Tonight I have the pleasure of introducing my six year old daughter Laura to Laurel and Hardy, as together we watch a DVD of their short classic film ‘The Music Box’. This endearingly silly tale of their attempt to deliver a pianola to a house at the top of a long flight of steps demonstrates their perfect comic timing and chemistry. It also contains ample reminders that the silent film era had only just ended, with some of the other characters clearly trained before the spoken word was at their disposal.
At first Laura is bemused by the monochrome footage.
“I wish it was in colours,” she says, used to bright Disney Pixar animations.
I explain that when the film was made, nearly 80 years ago, they only had the technology to make films in black and white.
“No, Mummy, there’s grey in there too.”
I have a vivid memory of my grandfather watching the same film on television about 40 years ago, when black and white television was all we had. He was in rosy paroxysms of laughter, as he must have been when he’d first watched it in his youth. Tonight his great-granddaughter is in much the same state, totally immersed in the pair’s misadventure as she shrieks in delight at their mistakes.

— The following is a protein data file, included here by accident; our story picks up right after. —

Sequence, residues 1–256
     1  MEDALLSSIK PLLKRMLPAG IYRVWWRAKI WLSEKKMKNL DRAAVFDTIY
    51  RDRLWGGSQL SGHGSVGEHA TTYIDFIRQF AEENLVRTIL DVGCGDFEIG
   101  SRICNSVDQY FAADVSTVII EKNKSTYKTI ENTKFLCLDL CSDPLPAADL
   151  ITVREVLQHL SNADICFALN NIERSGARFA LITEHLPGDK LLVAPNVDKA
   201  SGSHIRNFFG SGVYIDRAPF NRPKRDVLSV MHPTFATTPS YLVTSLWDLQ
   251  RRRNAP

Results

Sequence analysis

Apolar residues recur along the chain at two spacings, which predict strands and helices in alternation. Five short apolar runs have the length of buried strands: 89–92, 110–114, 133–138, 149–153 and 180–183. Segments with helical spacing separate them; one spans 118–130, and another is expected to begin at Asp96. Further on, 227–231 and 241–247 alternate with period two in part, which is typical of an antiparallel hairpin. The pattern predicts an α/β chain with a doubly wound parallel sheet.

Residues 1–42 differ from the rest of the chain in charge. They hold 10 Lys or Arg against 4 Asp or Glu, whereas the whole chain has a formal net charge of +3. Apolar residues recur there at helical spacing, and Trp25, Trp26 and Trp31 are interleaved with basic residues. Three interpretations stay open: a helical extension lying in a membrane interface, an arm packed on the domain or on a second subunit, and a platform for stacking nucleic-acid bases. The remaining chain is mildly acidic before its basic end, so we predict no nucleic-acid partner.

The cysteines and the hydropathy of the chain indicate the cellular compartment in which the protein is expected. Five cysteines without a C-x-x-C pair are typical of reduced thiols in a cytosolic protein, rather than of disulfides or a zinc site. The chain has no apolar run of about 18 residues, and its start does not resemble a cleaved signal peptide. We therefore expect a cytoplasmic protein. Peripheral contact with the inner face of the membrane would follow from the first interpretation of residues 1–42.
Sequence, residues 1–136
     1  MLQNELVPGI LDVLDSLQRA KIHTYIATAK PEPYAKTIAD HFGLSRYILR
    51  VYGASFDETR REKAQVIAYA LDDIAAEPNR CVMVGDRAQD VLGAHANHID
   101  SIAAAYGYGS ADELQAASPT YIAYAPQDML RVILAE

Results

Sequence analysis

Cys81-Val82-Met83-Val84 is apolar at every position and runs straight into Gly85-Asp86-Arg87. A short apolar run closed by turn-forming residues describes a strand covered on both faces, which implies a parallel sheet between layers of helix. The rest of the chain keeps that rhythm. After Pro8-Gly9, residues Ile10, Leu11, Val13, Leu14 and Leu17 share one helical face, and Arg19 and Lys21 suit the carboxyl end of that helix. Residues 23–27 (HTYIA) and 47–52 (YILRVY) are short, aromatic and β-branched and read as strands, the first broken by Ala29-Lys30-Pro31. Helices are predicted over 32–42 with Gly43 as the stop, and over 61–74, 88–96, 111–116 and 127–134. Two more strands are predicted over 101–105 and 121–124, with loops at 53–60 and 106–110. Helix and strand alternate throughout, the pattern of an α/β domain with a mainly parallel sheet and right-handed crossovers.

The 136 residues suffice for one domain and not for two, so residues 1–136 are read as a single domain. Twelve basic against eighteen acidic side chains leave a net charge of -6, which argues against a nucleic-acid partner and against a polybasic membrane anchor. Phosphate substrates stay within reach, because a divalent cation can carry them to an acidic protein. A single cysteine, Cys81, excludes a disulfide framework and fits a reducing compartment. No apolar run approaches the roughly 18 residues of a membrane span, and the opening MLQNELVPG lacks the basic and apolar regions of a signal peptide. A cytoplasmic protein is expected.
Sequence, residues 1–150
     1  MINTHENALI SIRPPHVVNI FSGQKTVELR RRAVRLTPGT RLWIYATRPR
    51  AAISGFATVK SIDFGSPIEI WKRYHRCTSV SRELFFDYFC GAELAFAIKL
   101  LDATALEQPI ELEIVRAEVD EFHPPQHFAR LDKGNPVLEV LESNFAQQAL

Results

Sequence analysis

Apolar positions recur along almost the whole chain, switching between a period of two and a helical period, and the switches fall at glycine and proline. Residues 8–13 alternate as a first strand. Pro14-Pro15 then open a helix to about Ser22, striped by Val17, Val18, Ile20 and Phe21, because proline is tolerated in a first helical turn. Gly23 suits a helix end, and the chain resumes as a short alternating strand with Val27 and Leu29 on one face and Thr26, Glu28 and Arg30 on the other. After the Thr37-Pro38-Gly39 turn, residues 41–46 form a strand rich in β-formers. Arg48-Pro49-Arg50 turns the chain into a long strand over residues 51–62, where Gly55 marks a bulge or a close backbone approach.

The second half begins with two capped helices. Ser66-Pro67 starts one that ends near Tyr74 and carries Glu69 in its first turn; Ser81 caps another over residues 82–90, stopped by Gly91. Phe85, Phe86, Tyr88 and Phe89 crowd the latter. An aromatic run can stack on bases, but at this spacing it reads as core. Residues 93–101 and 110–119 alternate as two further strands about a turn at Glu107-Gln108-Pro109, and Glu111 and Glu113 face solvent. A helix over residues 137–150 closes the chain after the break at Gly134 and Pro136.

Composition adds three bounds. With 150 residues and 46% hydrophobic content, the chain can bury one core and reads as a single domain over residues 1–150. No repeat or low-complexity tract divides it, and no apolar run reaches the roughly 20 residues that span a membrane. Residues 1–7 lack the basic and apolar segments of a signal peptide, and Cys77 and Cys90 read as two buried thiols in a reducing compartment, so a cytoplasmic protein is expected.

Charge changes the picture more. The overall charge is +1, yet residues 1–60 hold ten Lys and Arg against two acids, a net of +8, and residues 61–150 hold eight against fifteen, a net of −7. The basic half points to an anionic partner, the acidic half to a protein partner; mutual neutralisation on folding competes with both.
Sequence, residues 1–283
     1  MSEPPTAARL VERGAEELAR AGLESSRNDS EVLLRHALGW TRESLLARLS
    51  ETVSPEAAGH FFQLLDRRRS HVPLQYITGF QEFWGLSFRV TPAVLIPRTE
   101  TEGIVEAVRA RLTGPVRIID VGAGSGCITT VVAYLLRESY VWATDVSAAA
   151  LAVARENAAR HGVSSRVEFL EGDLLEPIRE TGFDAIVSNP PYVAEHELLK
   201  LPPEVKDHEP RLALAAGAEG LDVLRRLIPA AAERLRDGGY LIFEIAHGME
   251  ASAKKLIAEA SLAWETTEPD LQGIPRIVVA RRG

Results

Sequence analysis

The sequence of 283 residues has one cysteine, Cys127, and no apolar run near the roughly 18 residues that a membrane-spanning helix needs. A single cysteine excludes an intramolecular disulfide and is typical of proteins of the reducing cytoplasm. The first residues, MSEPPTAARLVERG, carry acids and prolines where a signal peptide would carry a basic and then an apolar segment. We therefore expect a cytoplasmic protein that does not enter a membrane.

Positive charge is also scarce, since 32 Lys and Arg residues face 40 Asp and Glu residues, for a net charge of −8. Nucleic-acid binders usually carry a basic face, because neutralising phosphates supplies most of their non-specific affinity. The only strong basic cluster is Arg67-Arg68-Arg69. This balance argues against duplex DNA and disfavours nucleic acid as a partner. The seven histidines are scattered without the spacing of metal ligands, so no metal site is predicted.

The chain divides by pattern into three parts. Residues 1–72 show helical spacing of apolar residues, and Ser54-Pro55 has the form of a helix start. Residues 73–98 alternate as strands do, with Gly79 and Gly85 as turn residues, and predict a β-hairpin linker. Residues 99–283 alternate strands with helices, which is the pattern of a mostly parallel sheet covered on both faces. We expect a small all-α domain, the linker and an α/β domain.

“You don’t need to do that!” she shouts, as they lug the piano back down the steps, following the postman’s advice that they could have brought it up more easily by the sloping approach road. She leaps to her feet to join in their tapdance, executed as they unpack the pianola from its wooden case.
At the end of the filmshe is clamouring for more, but bedtime intervenes, and she has to make do with the promise of another Laurel and Hardy film tomorrow. I will look out my ancient video of ‘Way Out West’, featuring that sublime dance routine on their way into the saloon. I must have seen it hundreds of times but it still transfixes me every time.
Will my great grandchildren watch the comedy favourites of my youth? Morecambe and Wise, The Goodies’ giant kitten, Monty Python’s dead parrot, Tommy Cooper, Mr Bean, Fawlty Towers? I’d rather put my money on the timeless Laurel and Hardy than on any of them. Matching their achievement is still the ultimate comic Holy Grail. But the best double acts aren’t only about comedy: for me, my daughter and I are up there with the greats.